By Laura Lifshitz
Being a working single parent is tough.
Trying to find a job as a single parent is tougher—especially if you’re an unemployed single parent.
Been there. Done that. Got the t-shirt, wrinkles, and stress-inducing memories to boot.
Even if you’re working already, hunting for a new role and going through the interview process is nerve-wracking.
As a writer, interviewers could look up my work and know I was a single parent. If the company doesn’t know that you’re a parent and in particular, a single parent, I would recommend to not share that information unless someone asks you if you have children. Legally, they shouldn’t at all—and you don’t have to answer. It’s up to you.
While I’d like to tell all of you that your single parent status won’t come up during interviews thanks to proper HR protocol, that’s not the case. I’ve had many interviews where hiring managers, potential coworkers and other staff have asked me either pointed questions or direct questions. In some cases, I had great responses prepared because I had been “down that road” before but in other cases, I either balked or got frustrated.
READ MORE: Managing Work-Life Balance After Divorce
So, if this is you single parent about to go out into the world on an interview, take my advice and learn from my successes and failures, so you can find the job you need and want.
Here are a few questions that may be thrown your way, along with my advice on how to deal with these curveballs.
1. With your lifestyle, will you be able to get to the office each day?
I’ve had many people ask me this during an interview. Incredibly inappropriate, yes, but it happened.
What the person means is “Since you’re a single parent, are you reliable?”
Even if you haven’t figured out how your childcare situation, don’t tell the person this and don’t reveal that it could be hard in any way.
The proper response to this is either, “Absolutely, I can be in the office each day” or “There is nothing stopping me from being a successful and available employee onsite each day.”
If the person pushes (which he or she shouldn’t) to ask about childcare, don’t reveal any potential issues you might have. Just say either “Yes, I have childcare” or “Yes, there is nothing that will prevent me from coming into the office.”
If perhaps your child getting sick may bring up an issue, you can say:
“I will be in the office each day. If my child is sick, I may need to tend to him or her while working from home (if this is an option). If he’s/she’s sick an extended period, I will have help.”
Typically, you will know if your role has telecommuting options or not as most jobs are open about their point of view either way. If you aren’t sure, you can ask your recruiter (if you’re using one) or if you know someone employed by the same company, just ask.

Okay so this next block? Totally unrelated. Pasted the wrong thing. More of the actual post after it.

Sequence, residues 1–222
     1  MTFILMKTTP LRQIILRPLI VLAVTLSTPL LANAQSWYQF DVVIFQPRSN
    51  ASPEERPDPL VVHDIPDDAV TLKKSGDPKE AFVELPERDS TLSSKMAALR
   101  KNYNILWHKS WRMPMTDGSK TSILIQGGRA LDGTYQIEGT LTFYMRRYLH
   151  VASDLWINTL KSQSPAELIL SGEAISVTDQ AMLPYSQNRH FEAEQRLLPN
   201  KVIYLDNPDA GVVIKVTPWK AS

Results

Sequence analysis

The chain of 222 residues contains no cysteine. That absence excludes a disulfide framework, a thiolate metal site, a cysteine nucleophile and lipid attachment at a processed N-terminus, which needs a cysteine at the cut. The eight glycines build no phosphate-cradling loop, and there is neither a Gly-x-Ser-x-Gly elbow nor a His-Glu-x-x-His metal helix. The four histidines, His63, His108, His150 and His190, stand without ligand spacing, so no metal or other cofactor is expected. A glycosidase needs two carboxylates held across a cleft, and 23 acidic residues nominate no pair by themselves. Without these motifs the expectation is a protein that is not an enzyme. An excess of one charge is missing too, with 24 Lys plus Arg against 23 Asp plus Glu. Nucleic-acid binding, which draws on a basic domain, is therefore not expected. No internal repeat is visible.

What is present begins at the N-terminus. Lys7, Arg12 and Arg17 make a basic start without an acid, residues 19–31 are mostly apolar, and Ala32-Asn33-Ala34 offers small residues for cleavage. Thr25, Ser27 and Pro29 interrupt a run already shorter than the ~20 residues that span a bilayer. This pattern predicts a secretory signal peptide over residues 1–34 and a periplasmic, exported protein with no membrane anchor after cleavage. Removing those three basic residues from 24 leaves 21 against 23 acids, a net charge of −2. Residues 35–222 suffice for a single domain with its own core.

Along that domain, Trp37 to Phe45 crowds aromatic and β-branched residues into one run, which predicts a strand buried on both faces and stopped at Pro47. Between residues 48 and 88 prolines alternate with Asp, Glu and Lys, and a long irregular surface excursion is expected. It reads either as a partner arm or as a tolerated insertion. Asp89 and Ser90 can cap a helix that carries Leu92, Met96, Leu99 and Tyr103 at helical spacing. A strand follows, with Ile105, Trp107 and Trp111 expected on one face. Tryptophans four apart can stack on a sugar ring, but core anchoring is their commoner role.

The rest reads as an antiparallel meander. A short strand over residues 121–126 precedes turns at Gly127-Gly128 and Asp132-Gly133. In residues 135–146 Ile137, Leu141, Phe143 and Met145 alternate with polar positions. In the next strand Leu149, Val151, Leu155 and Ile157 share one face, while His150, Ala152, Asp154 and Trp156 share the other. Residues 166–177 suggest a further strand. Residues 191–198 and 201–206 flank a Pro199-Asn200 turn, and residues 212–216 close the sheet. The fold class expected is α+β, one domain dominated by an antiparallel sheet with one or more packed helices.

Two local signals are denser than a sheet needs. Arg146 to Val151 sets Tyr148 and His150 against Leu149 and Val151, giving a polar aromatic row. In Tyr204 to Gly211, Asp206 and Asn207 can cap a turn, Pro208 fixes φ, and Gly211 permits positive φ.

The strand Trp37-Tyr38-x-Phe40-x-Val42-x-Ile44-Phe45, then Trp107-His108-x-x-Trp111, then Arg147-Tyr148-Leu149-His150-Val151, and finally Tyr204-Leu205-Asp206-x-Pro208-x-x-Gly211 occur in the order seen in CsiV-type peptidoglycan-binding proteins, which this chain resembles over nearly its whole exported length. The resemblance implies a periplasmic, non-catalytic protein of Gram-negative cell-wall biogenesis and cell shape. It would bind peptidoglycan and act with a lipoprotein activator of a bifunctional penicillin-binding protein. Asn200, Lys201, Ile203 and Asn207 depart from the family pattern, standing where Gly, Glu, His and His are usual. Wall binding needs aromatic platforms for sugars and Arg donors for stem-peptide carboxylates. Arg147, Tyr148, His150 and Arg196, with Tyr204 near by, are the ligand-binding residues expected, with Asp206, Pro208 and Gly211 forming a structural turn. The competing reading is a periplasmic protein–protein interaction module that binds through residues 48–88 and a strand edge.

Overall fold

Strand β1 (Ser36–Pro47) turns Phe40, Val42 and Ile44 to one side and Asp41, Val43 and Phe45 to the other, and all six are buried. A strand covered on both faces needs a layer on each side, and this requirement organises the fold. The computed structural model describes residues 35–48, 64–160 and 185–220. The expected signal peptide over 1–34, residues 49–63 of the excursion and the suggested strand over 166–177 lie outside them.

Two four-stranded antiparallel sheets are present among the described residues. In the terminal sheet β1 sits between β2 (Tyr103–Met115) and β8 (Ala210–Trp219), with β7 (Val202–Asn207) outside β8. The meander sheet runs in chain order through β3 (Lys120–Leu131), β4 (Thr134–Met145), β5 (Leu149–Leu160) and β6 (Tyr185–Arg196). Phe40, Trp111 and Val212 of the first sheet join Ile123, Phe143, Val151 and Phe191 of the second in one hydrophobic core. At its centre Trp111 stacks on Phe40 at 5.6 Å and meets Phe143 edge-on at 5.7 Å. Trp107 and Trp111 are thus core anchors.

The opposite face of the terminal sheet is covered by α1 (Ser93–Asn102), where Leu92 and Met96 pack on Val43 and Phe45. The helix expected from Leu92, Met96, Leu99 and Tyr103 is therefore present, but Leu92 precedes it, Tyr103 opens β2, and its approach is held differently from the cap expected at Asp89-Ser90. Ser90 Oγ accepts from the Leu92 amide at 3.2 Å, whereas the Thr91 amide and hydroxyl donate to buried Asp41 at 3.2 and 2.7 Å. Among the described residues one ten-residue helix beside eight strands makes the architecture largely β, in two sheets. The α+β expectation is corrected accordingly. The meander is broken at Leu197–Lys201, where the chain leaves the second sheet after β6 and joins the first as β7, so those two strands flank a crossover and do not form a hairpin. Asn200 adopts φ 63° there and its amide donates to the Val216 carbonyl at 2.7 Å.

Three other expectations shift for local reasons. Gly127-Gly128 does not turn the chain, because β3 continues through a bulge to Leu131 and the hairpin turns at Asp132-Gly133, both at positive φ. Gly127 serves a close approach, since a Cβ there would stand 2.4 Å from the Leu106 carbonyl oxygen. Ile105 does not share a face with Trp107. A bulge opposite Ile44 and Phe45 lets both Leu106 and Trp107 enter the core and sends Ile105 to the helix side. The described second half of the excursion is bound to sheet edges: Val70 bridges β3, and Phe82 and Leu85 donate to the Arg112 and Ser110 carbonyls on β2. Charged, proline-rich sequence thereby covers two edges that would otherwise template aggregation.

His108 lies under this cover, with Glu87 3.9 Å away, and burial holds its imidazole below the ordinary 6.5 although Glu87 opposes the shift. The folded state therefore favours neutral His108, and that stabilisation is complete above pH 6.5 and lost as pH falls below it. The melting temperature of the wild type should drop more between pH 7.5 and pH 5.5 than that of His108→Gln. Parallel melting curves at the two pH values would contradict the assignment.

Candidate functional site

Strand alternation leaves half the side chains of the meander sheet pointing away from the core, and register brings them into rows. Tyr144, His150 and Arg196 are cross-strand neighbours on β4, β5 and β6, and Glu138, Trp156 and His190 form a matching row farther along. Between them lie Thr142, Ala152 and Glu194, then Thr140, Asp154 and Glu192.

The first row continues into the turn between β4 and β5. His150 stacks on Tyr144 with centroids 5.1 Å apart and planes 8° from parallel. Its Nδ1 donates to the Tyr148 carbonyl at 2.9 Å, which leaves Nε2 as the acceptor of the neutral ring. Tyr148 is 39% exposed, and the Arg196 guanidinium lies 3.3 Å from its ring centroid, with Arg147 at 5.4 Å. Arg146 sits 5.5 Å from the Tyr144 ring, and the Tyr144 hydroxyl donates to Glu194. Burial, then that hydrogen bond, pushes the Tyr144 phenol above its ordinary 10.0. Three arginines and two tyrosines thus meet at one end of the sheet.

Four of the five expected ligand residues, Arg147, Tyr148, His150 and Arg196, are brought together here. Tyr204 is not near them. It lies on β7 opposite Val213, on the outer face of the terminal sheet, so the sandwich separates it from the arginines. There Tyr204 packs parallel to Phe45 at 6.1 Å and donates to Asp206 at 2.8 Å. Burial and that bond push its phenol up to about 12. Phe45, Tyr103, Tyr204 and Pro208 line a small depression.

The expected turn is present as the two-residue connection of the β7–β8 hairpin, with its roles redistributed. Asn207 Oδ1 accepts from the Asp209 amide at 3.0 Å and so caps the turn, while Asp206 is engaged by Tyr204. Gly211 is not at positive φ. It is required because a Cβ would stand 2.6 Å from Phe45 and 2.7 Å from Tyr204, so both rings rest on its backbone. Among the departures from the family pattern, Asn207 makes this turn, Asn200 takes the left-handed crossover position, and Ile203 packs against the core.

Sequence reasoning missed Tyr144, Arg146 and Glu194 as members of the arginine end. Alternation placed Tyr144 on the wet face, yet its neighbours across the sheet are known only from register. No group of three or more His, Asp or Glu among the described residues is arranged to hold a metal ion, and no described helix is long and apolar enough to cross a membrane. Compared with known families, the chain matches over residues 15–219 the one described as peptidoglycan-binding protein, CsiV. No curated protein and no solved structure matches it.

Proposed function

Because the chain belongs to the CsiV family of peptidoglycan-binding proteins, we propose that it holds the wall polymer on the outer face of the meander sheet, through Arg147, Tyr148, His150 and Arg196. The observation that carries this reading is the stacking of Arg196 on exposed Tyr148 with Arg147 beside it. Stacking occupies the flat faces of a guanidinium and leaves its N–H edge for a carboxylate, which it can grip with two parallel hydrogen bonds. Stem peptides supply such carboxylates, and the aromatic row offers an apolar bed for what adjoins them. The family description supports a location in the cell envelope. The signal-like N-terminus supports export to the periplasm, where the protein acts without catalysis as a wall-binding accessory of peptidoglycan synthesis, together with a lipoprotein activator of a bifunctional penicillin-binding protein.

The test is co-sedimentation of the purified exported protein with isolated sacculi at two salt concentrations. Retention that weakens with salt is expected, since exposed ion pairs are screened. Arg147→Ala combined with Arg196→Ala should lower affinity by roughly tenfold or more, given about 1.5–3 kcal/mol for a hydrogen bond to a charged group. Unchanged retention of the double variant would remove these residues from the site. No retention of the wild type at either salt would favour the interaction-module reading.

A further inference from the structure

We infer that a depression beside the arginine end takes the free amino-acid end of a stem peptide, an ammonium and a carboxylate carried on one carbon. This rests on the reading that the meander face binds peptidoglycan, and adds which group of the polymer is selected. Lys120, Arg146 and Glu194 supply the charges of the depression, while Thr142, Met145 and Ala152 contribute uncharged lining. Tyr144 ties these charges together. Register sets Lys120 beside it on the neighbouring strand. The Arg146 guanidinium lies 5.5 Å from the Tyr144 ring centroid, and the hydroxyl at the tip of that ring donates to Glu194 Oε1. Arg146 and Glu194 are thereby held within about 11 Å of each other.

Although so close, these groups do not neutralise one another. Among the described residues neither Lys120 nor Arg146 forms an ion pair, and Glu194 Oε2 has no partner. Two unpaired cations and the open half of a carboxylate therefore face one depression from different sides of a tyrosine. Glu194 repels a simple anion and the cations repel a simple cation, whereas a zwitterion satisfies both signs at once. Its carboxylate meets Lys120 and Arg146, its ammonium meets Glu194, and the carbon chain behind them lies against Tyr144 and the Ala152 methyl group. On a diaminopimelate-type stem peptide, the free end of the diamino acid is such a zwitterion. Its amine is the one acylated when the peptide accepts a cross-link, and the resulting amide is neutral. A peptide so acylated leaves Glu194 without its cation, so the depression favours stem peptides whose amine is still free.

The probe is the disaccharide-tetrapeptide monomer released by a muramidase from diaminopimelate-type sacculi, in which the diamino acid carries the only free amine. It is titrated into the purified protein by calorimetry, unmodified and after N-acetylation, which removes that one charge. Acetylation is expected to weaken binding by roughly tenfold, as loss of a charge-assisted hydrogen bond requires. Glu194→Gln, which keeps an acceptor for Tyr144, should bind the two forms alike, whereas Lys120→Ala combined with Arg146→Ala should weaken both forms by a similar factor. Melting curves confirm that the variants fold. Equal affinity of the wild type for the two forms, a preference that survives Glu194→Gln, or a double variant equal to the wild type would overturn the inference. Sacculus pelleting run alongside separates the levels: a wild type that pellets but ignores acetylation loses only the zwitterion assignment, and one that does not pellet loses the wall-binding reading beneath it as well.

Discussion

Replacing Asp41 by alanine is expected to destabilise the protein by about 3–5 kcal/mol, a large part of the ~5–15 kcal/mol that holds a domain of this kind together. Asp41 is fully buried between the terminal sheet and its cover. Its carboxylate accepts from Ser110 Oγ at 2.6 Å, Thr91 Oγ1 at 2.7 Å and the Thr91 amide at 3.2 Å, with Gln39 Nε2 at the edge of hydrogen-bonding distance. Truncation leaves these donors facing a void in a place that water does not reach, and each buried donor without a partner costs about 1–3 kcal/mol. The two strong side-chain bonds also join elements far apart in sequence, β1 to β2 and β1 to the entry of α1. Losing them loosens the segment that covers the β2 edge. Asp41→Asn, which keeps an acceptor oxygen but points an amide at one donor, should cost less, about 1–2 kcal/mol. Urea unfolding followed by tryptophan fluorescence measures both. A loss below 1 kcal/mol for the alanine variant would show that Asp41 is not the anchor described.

2. That’s a long commute—can you make it in with your child?
I will never forget the rather nasty hiring manager who told me, “You live really far from here. How would you even get here with your kid?”
It was so off-putting and her tone was even worse if you could believe it.
How do you even manage to handle that direct question? Like this:
Say, “I’ve commuted this distance before and it’s not a problem.”
Try, “I have childcare arrangements and am expecting to commute this distance with any role I decide to take.”
State, “I’m an experienced professional and certainly won’t have any issues getting to work.”
3. This job requires travel—will your family life get in the way of meeting the expectations of this role?
I got this doozy thrown at me when I wasn’t expecting it. I didn’t realize travel would be even involved in the position, but it looked like the role was asking me to travel 4-5 times a year. I had no idea how I would do it, but I winged it.
Don’t say: I really don’t know. I’ll have to figure it out and get back to you.
DO say: No. I will have childcare arrangements during my travel times.
Don’t say: Is travel really necessary for this role?
Do say: I look forward to traveling with the company and meet all expectations of the role, regardless of my home roles.
If you’re feeling particularly anxious and know that travel will be a real hardship, you can ask: Will travel dates be made ahead of time if possible? Either way—I will be available for any travel requests.
4. Are you able to work late, or will childcare prevent you from fulfilling your job role?
I can’t even tell you how many times I was asked this. There is only one good answer to that question:
“Yes, I will be able to work late.”
Period. End of sentence. If you think the hours are going to be grueling, you can ask what the daily schedule is like and if it’s too hard, you can pass on the job. Only you know if it’s realistic for you to work a certain schedule or travel based on your childcare situation, income and career goals.
No matter what, remember: you don’t have to answer direct questions about your family life in an interview. It’s not right for people to ask but most likely, they will ask and it’s better for you to be prepared ahead of time how to handle this, rather than balking and wracking your mind for an answer during the interview.
About the Author
Laura Lifshitz is a pint-sized, battery-operated writer, comedienne, single mother and chocolate fanatic. A former MTV personality and Columbia University graduate, you can find her work in many places, like the New York Times, DivorceForce, Mom.Me, Women’s Health, Worthy, Working Mother and numerous other sites. Follow her on Facebook and her own website, frommtvtomommy.com.